Lighting - I think my workplace is too dark

The employer has a duty of care under Section 21(2)(c) of the 2004 OHS Act to 'maintain, so far as is reasonably practicable, each workplace under the employer's management and control in a condition that is safe and without risks to health'.

Persons who manage or control workplaces - if these are different to the employer - also have a similar duty under Section 26 of the Act.

However, there is nothing more specific mandated, either in the Act or in Regulations.  There is guidance provided, however, in the Workplace amenities and work environment Compliance Code which sets out what employers need to do in order to comply with their duties under the OHS Act:

Lighting

133. Lighting from natural and/or artificial sources needs to be provided for employees to ensure working conditions that are appropriate to the nature of the work, the location of the work and the times at which the work is performed.

134. If the workplace is a building, employers need to comply with the lighting specifications contained in the Building Code of Australia, part F4.2 to F4.4 Light and ventilation and Table 3 (which is on page 26 of the Compliance Code) where applicable. (*See Note below)

135. The lighting in a workplace needs to allow employees and others to move about easily. It needs to allow them to carry out their work effectively, without adopting awkward postures or straining their eyes to see.

136. Some tasks may require local lighting in a particular area in addition to general lighting for the workplace or different lighting at different times of the day. For example, employees loading a transport vehicle outdoors will have different lighting requirements when they work at night than they will during the day.

137. Factors that employers need to consider when providing lighting include:

  • the nature of the work activity
  • the nature of the hazards and risks in the workplace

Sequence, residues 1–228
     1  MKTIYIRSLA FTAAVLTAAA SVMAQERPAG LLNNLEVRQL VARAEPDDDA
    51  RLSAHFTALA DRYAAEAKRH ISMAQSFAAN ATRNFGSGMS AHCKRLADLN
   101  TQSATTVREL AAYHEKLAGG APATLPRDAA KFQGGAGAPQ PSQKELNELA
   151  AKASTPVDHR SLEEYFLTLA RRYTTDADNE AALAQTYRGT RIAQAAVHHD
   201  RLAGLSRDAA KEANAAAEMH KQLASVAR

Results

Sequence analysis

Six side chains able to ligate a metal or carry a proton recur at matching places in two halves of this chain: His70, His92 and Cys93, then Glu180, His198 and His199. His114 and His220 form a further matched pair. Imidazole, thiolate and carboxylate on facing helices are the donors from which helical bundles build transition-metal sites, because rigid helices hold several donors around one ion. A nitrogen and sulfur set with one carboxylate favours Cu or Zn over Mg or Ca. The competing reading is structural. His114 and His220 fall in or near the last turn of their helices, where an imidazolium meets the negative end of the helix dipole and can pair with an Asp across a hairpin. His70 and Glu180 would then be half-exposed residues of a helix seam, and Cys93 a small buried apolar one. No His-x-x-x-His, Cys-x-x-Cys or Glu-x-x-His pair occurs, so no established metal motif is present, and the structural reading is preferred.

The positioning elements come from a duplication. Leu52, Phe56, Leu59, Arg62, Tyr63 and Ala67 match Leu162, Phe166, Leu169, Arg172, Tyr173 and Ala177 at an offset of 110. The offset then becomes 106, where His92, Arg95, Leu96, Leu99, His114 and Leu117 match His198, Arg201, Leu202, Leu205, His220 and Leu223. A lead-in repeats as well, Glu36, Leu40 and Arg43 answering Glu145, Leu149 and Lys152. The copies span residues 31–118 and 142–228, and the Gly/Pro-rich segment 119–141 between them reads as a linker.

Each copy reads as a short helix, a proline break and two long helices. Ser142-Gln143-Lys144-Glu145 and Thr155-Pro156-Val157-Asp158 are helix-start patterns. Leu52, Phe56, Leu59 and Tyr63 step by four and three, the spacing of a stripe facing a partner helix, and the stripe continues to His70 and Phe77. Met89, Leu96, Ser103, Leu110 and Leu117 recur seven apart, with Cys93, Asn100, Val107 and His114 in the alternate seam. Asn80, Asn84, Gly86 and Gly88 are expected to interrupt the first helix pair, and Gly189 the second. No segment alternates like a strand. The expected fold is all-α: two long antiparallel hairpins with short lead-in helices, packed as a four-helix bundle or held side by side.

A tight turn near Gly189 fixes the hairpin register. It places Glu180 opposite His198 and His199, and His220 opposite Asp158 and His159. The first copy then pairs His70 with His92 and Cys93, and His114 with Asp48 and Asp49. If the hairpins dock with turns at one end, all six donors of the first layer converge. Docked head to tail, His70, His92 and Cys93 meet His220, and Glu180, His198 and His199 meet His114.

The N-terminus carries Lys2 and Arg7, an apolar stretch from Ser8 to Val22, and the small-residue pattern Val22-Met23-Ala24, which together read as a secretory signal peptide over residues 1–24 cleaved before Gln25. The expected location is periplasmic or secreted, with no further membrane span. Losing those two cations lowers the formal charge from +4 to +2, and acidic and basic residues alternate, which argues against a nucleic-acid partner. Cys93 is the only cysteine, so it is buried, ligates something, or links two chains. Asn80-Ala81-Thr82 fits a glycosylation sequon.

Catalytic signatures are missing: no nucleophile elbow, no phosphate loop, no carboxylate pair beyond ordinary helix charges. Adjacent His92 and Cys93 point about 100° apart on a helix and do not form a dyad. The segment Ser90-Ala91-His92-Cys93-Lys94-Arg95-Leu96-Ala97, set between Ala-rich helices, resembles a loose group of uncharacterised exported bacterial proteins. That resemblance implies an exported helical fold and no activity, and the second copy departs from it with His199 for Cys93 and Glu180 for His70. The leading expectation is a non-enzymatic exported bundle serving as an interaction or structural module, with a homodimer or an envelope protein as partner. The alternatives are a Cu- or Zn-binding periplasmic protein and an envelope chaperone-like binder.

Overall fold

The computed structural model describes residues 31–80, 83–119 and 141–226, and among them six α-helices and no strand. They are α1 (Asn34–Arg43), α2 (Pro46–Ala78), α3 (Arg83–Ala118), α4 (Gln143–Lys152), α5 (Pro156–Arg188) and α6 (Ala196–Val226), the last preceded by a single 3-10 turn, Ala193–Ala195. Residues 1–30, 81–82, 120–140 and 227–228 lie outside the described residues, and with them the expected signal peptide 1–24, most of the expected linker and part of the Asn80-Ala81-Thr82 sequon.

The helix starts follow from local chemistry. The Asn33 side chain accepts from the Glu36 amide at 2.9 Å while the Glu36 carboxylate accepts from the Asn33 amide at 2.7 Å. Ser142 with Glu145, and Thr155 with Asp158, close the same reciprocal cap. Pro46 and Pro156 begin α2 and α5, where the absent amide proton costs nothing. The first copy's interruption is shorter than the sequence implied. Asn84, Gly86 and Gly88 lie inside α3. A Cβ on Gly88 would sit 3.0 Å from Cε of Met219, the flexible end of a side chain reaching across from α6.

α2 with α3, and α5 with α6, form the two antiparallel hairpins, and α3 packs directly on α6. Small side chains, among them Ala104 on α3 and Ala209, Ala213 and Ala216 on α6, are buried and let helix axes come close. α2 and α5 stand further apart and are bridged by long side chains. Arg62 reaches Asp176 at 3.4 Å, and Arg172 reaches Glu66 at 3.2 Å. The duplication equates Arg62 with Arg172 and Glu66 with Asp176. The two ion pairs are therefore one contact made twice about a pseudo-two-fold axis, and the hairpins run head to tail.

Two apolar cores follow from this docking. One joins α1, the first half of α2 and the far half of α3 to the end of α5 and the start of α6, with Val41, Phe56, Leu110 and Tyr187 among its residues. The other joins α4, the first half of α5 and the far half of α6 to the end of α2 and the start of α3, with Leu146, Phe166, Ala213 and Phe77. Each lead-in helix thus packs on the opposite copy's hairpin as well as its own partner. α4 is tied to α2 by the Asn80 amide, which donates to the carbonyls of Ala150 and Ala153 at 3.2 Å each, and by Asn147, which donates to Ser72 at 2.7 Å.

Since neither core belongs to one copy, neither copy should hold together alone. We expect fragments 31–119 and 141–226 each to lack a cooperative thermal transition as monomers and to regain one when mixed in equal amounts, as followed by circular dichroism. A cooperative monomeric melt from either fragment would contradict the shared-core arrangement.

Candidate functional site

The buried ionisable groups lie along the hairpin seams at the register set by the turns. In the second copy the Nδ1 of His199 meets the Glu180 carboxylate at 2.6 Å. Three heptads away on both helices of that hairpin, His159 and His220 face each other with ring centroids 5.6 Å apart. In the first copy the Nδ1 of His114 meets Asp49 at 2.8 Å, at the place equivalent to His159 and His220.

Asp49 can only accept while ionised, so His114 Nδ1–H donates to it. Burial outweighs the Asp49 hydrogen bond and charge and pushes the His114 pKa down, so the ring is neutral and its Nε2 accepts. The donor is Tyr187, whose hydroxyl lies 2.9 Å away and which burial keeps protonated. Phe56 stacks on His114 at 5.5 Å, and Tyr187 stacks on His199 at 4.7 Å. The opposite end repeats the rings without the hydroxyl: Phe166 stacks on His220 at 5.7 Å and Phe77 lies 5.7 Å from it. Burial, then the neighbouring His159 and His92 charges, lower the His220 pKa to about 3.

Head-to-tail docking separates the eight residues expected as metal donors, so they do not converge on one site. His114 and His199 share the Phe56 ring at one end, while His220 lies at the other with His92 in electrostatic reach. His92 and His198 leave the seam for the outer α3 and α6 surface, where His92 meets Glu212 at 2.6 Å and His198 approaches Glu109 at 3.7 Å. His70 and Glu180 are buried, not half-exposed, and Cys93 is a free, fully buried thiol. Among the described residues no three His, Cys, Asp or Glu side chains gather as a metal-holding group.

• the work environment
  • illumination levels, including both natural and artificial light
  • transition of natural light over the day
  • glare
  • contrast
  • reflections

138. The lighting provided needs to improve the visual environment and be free from glare including reflective glare, flicker and stroboscopic effect.

For good, brief advice on lighting for offices,  Officewise - A guide to health and safety in  the office  is very useful. This publication covers many office related OHS issues - pages 22-25 give advice on lighting levels and quality of light. This publication is free from WorkSafe, or you can download a copy from the VWA website.

The Australian/New Zealand Standard AS/NZ1680, Lighting and the Visual Environment also provides valuable information for workplace lighting and should be considered when lighting workstations. Australian standards must be purchased and are quite technical. AS1680, part 1 is 123 pages long. There are other parts on interior lighting, office and screen based equipment lighting, educational and training facilities, and so on. The Compliance Code can be downloaded from the WorkSafe website.

*NOTE: The Building Code has been updated and amended - however, the Workplace amenities and work environment Compliance Code has not.

Last amended June 2015

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